Writing and the “Glue” of Point of View

I’m often a people lover and have a Venn diagram of friends. In a few of my friend circles, we joke about which one of us is the “glue.” The “glue” is the essential friend who anchors the circle, so we don’t scatter like points that have lost their line. When we talk about creative writing, we can talk about the “glue,” which can also be called point of view. In the Creative Writer’s Handbook (2005), editors Jason and Lefcowitz boldly claim, “Point of view is so powerful that it is the linchpin for every other aspect of writing.”

Point of view, let’s say, is essential because so much depends upon it, like the red wheelbarrow in WCW’s poem. Point of view is a concept that raises essential questions, like: Who will tell the story? How close or far is the speaker from the story? What is the voice like? What sensory details are important to the speaker? Where does the story happen? How does it start? What happens? How does the story end?

To practice answering POV questions in terms of craft (character, setting, tone, etc.), we need a common text. What follows is a short Reuters article from March 2008, that appeared on a now-defunct web page called Yahoo Odd News. The article is titled: “Mom’s solution to cramped living.”


Moscow (Reuters) – A Russian woman paid a former convict to kill her 17-year-old son because she was fed up with sharing her small one-room apartment with him, the newspaper Izvestia reported on Wednesday.

The 42-year-old crane operator paid the man a 2,100 rouble [sic] ($80) deposit to kill her son, Izvestia said. But the would-be hitman told the police who set up a sting operation and arrested her when she handed over the 900 rouble [sic] ‘completion’ payment.  

The woman and her son shared the tiny apartment in the Moscow region with their respective partners and there were frequent rows, which became worse when the son’s girlfriend became pregnant.

“The woman decided that by snuffing out her son she could solve her housing problems,” the paper said.

Prosecutors confirmed the report and said the suspect would be charged soon.

Chronic housing shortages have dogged Russia for decades. The problem has eased slightly since the collapse of the Soviet Union, but many families of several generations still share cramped apartments.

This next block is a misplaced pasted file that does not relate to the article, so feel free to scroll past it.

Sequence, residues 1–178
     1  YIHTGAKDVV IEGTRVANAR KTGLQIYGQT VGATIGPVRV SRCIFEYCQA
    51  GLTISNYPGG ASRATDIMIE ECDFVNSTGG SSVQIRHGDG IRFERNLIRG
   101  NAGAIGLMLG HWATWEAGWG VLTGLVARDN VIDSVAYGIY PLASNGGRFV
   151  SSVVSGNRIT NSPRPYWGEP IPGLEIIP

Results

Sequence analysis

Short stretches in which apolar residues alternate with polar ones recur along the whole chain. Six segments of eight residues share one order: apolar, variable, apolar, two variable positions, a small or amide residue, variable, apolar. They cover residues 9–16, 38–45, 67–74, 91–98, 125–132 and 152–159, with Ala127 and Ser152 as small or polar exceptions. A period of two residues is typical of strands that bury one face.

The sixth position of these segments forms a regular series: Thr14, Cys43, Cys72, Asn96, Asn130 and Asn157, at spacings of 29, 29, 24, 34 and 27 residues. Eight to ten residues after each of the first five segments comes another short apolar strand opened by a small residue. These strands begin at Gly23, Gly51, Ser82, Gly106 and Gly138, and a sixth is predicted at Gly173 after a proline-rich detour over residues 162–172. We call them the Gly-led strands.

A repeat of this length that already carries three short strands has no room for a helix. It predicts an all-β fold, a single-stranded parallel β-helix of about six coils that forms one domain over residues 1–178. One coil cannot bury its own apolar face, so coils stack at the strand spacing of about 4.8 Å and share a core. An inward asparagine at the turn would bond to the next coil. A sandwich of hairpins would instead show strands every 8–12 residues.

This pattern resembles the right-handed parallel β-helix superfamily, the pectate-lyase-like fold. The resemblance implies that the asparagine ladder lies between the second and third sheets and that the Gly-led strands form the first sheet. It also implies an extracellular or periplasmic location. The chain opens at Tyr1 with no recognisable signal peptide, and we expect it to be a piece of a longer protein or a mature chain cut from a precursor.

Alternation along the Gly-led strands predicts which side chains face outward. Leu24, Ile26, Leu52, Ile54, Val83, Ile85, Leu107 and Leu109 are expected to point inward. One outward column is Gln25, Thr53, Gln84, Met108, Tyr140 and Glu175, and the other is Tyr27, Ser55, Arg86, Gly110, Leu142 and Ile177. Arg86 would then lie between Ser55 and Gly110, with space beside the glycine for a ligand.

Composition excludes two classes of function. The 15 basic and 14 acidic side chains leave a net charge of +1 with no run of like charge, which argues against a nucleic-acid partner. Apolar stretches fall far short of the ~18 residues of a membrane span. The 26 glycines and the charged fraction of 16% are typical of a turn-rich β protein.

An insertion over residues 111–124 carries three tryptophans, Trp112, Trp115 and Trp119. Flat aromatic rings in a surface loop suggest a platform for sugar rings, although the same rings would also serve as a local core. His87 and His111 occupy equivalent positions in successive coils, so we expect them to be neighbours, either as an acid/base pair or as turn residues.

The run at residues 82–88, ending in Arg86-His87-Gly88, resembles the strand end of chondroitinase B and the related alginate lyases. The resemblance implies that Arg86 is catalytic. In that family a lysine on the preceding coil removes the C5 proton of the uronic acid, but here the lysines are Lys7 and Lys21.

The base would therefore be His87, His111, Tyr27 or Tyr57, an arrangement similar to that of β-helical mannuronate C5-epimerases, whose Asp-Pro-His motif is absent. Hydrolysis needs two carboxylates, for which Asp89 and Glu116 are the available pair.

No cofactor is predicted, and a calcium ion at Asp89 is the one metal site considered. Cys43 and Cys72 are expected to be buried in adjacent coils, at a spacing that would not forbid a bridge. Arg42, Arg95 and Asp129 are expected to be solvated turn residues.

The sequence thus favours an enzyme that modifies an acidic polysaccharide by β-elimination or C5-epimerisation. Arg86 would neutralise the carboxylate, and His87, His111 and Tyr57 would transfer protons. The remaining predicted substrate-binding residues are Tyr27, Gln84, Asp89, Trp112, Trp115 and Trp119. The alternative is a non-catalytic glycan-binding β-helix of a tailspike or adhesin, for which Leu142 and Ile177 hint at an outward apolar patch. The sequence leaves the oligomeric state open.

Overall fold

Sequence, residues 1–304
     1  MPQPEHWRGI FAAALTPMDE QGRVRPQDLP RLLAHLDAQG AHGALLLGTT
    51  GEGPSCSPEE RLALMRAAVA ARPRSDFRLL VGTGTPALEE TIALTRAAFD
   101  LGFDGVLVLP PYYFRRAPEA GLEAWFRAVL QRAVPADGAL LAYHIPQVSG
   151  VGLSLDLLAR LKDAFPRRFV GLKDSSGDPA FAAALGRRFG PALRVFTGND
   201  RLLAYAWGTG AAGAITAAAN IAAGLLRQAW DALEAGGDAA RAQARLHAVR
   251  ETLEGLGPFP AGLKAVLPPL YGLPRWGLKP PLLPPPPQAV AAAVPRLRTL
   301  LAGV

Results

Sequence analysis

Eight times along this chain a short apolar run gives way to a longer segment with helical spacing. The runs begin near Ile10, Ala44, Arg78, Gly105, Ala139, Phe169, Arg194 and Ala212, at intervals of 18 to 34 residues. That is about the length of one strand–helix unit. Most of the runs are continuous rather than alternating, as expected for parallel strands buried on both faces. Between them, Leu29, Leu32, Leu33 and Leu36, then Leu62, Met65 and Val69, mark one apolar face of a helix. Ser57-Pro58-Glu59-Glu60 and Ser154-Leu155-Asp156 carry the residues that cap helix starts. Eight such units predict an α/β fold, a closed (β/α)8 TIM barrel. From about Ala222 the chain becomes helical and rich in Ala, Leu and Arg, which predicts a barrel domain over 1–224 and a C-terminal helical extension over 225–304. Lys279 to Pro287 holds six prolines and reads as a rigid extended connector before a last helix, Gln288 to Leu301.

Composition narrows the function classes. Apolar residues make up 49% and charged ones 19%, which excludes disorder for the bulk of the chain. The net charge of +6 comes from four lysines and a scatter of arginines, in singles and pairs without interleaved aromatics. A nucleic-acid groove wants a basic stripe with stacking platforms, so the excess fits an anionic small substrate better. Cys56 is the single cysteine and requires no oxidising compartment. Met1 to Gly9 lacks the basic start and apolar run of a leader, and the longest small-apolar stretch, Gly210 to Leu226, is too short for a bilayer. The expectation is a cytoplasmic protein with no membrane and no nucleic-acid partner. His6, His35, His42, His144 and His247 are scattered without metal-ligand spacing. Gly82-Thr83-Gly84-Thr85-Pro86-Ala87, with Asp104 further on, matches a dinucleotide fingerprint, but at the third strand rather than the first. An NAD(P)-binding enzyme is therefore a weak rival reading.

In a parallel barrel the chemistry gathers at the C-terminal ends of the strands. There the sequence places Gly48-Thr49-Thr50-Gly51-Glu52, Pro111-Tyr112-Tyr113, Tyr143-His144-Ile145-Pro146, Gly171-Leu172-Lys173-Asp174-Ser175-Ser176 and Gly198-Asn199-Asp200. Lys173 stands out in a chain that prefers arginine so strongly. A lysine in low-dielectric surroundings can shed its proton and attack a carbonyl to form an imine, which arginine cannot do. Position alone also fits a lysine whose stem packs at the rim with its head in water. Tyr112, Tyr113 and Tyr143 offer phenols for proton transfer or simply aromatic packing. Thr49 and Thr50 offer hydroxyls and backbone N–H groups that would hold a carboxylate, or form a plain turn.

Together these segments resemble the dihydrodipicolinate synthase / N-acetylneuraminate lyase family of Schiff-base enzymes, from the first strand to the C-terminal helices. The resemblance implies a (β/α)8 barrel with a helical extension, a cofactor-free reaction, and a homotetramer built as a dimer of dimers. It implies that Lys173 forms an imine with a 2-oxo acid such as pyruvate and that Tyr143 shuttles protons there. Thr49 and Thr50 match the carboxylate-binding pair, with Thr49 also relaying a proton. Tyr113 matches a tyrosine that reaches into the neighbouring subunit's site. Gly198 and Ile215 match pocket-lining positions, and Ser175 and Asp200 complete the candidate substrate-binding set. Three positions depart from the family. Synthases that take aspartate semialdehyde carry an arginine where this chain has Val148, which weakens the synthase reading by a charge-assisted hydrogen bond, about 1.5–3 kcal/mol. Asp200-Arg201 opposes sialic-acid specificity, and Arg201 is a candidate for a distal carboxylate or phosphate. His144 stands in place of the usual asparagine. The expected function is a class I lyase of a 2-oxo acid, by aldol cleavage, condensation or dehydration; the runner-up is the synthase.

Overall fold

Who could tell this story? The list of characters might begin with the mother or her son. Who else could tell the story? Make an exhaustive list.


Is the story comic, tragic, or some combination of the two? The shocking circumstances could lend themselves to morbid humor or in other directions like social critique or family dysfunction.


How does the main character relate to the story’s events?

Are the events personal and told in first person, either by a participant or a character who is a witness to events?

Does the story speak in second person and force the reader into the story? Confronting the reader with “you” claims locates them as part of the action and complicit in the events. In my humble opinion, all writers should try second person once or twice.

Third person narration tells a story about a character and has three modes of expression:

Full Omniscience-readers have access to interior lives of all characters.

Limited Omniscience-readers have access to one character’s interior life.

Objective Limitation-Surfaces tell the story with no direct access to interior lives.


Is the telling in present tense, happening as we read, or is it past tense, the action having already happened?


In this case, does the story need to be set in Moscow? What is most essential about the setting? Could the story be set in a different “one-room” domestic space? Is the setting urban, rural, or in between?


What happens first? Where does the story start? Is it when the mother discovers the pregnancy? This question is related to character.


After the inciting incident, what happens next and next and next? The plot of many Chekhov stories is ABDCE: Action (inciting incident), Background, Development of characters, Complications of plot, and the Ending.

As for an Ending, it’s sometimes useful to ask “what if” questions. How many endings are possible? As many as the story allows.


What language in the Reuters article did you notice? For example, “snuffing out” sounds more streetwise than sophisticated, gritty and rough. How will the character(s) in your story speak to relate to setting and tone?

What other details in the Reuters article surprised you?

The glue that holds a story together is a blend of the choices a writer makes. Point of view questions allow discovery of how choices we make as writers contribute to a story’s integrity. Questioning uncovers revelations in the story that might otherwise be overlooked. Point of view, the glue, a linchpin: they’re essential to holding things together.

*This article is adapted from a lesson plan for fiction writing. Students generally enjoyed it, and it generated lively discussion.

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